Three young adults negotiate sexuality in a science-fiction Ontario where the British Empire took a decidedly different path.
Helena, shy and practical, looks forward to marrying her best friend, August, after what she hopes will be a quiet, small-town debut. A surprise invitation to Toronto, where the queen herself will be visiting, upsets all her plans. Margaret, a visitor to Toronto from England, forms a bosom friendship with Helena but doesn’t reveal her secret: Margaret is Her Royal Highness, the Princess Victoria-Margaret, disguised heir to the throne. Helena has her own secret. When she enters her DNA into the Computer at the core of the Empire’s religion, it records her as having XY chromosomes. In an empire that believes genetic compatibility is holy and the Computer’s inspired by God, will being an intersex woman destroy Helena’s chance of happiness? Convenient coincidences and the teens’ own thoughtful choices come to the rescue. The worldbuilding, though clunky, fascinates. In this alternate history, Queen Victoria married her children outside of Europe’s royal houses. Brown-skinned Margaret, with kinky hair and epicanthic folds, has genes from “Hong Kong, Iraq, Zululand, and more besides.” This queer-friendly Canada is multiethnic (August is of Hong Kong, Chinese, and Irish heritage, while Helena is predominantly white); culturally, despite hijabs, kippot, and salwar kameez, it’s overwhelmingly Anglo-Canadian. Despite this bustle, the tale itself is a lovely, quiet coming-of-age.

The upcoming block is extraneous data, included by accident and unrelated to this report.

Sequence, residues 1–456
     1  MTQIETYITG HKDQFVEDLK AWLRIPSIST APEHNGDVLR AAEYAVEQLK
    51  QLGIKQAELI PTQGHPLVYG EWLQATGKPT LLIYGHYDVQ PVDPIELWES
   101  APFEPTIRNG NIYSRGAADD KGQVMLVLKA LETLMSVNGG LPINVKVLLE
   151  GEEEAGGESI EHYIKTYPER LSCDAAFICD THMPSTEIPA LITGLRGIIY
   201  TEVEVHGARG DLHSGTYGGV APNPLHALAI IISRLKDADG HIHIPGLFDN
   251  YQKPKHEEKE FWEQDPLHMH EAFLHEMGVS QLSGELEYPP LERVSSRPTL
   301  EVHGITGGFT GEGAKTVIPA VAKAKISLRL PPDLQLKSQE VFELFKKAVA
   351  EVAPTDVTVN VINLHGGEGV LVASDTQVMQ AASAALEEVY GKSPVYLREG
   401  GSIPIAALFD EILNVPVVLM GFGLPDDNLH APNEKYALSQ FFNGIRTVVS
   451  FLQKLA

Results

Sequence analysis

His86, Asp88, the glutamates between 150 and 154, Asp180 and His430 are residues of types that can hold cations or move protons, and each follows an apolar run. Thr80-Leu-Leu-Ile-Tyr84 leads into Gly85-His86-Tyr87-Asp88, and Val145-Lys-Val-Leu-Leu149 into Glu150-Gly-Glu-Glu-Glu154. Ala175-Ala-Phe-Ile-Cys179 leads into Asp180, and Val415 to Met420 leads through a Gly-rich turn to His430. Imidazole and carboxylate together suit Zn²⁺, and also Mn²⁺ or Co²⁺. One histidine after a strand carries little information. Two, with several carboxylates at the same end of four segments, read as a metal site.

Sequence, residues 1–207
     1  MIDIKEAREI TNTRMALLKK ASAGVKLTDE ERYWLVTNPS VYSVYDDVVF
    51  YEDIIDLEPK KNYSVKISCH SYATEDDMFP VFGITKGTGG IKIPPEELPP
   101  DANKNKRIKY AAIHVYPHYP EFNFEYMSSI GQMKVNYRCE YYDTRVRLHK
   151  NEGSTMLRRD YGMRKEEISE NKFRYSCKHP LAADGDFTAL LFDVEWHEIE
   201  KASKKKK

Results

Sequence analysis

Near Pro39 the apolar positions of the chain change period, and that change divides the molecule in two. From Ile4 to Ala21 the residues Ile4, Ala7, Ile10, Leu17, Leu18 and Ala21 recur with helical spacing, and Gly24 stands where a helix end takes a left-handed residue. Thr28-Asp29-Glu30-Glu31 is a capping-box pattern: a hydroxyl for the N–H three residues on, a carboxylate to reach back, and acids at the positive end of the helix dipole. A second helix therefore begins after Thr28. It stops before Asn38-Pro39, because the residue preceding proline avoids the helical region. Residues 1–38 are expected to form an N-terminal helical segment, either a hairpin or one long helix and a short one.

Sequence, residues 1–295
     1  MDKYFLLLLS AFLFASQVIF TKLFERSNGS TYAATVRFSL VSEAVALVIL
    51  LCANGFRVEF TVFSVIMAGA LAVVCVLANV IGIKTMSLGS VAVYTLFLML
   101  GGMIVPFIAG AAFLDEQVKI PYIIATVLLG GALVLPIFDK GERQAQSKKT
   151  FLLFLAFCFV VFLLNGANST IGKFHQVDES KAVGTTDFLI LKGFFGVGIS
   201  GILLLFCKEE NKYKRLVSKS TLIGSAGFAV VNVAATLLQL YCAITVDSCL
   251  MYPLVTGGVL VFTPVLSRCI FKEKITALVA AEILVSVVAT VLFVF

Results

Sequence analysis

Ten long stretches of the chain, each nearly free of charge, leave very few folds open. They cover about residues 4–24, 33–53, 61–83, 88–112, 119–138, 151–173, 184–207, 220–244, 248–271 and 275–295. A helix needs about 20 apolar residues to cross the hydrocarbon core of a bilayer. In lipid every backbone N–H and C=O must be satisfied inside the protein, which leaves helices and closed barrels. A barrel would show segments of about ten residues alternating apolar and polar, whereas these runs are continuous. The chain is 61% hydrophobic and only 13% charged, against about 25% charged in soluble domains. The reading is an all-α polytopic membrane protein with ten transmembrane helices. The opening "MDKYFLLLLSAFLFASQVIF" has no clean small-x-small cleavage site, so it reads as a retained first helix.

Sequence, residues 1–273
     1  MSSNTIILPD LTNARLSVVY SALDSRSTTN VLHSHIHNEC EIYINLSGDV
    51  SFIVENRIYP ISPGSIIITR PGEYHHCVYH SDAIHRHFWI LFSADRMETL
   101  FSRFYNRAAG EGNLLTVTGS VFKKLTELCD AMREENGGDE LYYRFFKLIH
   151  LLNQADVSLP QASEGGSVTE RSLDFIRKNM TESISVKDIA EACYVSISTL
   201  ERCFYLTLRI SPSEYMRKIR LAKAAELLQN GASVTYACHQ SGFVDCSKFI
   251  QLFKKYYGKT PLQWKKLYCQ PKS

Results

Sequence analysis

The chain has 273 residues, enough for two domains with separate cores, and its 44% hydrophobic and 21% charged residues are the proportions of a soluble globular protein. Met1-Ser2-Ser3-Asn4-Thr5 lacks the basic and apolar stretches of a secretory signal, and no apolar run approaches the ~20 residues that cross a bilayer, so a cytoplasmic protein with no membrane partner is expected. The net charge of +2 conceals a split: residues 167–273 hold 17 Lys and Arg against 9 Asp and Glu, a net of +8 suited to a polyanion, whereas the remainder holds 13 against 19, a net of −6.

A thoughtful exploration of class consciousness, genetics, and politics that doesn’t lose track of the human story. (author’s note) (Science fiction. 14-adult)